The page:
Last week, I wrote a post on freelance graphic designer Jon Engle and an $18,000 bill he received for allegedly using copyrighted material from a stock art website. This case had caused an outrage around the blogosphere and Twitter in overwhelming support of Jon and a donation collection was even set up for his defense fund. Well, the other side has spoken. An excerpt of Stock Art founder Robert Askew’s open letter concerning this case:
Dear Respected Design Community,
I have been fighting for artists rights for over 11 years to the point where it has devastated both my business and the livelihoods of my artist alliance . I’m guessing we only license 1 image these days to every 50 which are stolen and profited from. I personally have uncovered over 500 for- profit companies whom have stolen over 8,000 images from my artists!!!! I can not expose this story to the point which will soon be shared, but please know one thing about this irony! I have fought this matter with my own personal investments to a point of bankruptcy. I love my artists and their right to earn money from their unique, artistic, intellectual property! If anyone is interested in the entire story of my experience, please contact me personally at firstname.lastname@example.org/.
I do want to personally thank you for your concern. I understand your concern! Stockart.com is proud to advocate and represent the copyrights and works of the many award-winning and talented artists who have provided their work to Stockart.com for rights managed licensing for over a decade.
In addition, The Logo Factor, a graphic design blog with no relation to either side, did a little investigating into the matter:
Seems Stock Art are ferocious in protecting their illustrators property and copyright (certainly something that Iâ€™d demand if Stock Art were representing me). [Jamie] Silverberg [a lawyer representing Stock Art] denied harassing Jonâ€™s clients, but told me that they had contacted two in order to see if the clientâ€™s had legitimate licensing rights to their clientâ€™s work. I wondered how likely it would be that Stock Artâ€™s established illustrators would risk their reputation, and Stock Artâ€™s business, by copying some designer they found on the internet. To make matters worse, the issue revolved around the licensing for no less than 65 images to which it appears typography was added and the images uploaded to various portfolio sites like ElanceLogopond (while they didnâ€™t expressly tell me so, the $18,000 bill is likely the result of licensing fees for the 65 images in dispute. Works out to about $275 a pop). I was also told that before contacting anyone, IPG perform extensive research into the background of any disputed images, including creation date, history and when it was added to the Stock Art site, pointing out that some of the images â€śin questionâ€ť have been on the Stock Art website for almost a decade. Logopond, the supposed source for the designs (at least according to Jonâ€™s blog), had only been online since June of 2006 at the very earliest. The worst point, from a designerâ€™s point of view anyway, was the dispute involved the work of over twenty illustrators. With illustrations and icons that just happened to mirror their exact personal style. And if that wasnâ€™t enough, Jon had previously been billed for other Stock Art licensed work, after it was discovered that it may have been used without permission. He paid that bill.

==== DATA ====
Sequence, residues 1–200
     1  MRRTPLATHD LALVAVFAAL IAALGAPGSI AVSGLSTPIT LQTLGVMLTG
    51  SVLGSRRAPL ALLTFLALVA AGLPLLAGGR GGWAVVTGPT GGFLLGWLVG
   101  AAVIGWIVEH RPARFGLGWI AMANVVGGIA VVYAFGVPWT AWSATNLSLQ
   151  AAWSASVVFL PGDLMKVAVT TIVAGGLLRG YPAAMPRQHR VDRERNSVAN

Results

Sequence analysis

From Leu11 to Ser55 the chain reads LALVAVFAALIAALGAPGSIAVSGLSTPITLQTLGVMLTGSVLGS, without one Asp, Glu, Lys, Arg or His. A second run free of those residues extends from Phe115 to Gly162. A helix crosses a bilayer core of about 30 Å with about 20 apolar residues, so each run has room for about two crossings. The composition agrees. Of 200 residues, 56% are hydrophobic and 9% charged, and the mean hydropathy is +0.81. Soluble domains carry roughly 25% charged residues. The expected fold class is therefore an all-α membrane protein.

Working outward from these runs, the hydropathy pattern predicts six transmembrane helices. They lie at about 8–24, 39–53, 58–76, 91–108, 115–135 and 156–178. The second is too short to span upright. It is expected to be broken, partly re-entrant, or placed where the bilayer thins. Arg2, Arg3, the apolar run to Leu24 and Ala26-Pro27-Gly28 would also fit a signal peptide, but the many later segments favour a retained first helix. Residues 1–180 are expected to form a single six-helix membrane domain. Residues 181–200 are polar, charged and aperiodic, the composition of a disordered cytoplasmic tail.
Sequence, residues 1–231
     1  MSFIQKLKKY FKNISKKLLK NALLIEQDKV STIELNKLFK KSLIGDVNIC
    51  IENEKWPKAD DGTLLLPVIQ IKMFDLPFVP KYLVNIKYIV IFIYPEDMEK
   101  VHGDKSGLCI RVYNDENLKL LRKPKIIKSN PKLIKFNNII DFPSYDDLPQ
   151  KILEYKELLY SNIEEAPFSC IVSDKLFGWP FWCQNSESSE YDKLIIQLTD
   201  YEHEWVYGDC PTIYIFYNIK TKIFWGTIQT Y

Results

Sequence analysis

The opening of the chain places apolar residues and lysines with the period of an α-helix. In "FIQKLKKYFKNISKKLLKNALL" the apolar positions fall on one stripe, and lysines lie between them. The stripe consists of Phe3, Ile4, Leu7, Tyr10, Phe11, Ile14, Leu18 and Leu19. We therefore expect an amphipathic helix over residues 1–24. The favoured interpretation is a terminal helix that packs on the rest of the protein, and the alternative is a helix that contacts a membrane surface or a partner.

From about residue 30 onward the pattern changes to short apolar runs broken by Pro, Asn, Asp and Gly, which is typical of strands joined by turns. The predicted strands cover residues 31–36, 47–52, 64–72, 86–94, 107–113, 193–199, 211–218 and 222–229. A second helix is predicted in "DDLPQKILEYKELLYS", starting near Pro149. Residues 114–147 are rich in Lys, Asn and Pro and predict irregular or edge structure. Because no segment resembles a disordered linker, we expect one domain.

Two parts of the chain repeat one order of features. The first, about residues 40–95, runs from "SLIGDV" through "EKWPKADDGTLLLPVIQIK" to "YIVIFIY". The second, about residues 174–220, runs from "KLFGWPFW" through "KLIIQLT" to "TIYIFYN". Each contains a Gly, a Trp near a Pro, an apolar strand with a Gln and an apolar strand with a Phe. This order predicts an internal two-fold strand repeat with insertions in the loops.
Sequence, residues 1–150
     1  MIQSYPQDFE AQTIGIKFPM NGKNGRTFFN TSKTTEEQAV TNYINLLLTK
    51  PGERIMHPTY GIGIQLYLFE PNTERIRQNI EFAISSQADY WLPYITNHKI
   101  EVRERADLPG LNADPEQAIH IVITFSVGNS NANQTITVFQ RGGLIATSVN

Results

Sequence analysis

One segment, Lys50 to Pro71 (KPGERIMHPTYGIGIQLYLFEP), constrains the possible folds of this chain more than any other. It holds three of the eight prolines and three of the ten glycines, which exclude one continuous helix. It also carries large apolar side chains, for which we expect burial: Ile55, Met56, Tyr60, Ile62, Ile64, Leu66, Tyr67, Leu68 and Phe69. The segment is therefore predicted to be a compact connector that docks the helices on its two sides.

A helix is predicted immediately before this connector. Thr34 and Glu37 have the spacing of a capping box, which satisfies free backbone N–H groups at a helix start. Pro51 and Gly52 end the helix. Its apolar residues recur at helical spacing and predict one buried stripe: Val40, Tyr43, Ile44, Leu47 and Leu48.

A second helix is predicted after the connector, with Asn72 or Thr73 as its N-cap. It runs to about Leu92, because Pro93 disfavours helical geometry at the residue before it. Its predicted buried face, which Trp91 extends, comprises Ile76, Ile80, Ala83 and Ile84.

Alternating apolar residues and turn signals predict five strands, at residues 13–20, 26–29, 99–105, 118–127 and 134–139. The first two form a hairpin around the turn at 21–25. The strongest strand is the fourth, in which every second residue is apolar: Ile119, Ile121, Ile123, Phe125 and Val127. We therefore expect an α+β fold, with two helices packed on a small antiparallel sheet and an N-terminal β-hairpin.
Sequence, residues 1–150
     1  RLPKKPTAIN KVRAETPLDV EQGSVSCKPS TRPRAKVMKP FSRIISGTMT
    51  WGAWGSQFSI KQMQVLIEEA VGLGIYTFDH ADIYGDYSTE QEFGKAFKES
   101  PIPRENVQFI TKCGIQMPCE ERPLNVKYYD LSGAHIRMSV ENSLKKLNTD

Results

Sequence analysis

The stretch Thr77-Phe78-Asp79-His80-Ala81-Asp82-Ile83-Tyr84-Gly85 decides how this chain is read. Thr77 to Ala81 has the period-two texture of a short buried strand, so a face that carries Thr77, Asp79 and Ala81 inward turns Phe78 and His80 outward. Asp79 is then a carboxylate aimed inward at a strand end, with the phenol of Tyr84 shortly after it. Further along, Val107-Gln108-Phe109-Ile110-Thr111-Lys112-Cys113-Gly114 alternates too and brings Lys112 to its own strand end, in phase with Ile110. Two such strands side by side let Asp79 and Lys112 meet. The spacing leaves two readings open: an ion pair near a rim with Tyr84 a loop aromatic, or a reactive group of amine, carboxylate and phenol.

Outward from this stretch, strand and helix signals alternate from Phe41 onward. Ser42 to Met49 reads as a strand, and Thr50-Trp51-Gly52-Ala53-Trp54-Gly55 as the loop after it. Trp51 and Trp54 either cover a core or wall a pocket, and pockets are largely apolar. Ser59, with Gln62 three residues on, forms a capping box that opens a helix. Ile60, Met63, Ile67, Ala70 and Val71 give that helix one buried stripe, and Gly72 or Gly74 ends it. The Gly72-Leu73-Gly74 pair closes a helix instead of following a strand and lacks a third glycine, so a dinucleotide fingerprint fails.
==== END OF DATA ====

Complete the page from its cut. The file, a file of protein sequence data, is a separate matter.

The Logo Factor also provides samples of the Stock Art designs in question and compares them to what was found in Jon’s portfolio in Elance (scroll to about halfway down the page). While the copyright dates on the Stock Art images show 2009, apparently some have been around for more than a decade. Meanwhile, Jon alledgedly claims:
It seems as if most or all of them were lifted from my LogoPond showcase. They especially seemed to favor the ones that made it to the gallery.
My theory is that someone copied my artwork, separated them from any typography and then posted them for sale on the stock site.
This seems somewhat questionable since Logopond has only been in existence since June 2006, the earliest possible date he could have uploaded his graphics. So now we have a he said, she said battle over who uploaded what first.
While, admittedly, I was initially angered by this “scheme by a single greedy website owner and a shady lawyer friend,” I can now only take the stance that this does, in fact, need to be decided in a court. The evidence does carry some weight against Jon, though it is still speculative. Couple this with the fact that it doesn’t look good that Jon has removed, his website, blog and Twitter account from existence and even the legal fund set up to help him has been cancelled.
I was actually able to catch the last of his Twitter feed before his account was removed. While this is recalled from memory, he says something to the effect of, “The blood has been spilled, but in the end no one cares where it came from” and that he “has to keep quiet due to advice from his lawyer.” Regardless, his career as a graphic designer is over no matter what the verdict is and what public support still remains (which took a u-turn pretty fast).
If anything, now is a good time to learn a few major lessons from all of this:
1) Watch out where those stock graphics you use come from.
2) If you do “borrow” those graphics without acknowledging or paying the proper owner, you may be in line for the next $18,000 billing.
3) Look at both sides of the coin before making plans to burn down larger companies with “bulldog” lawyers.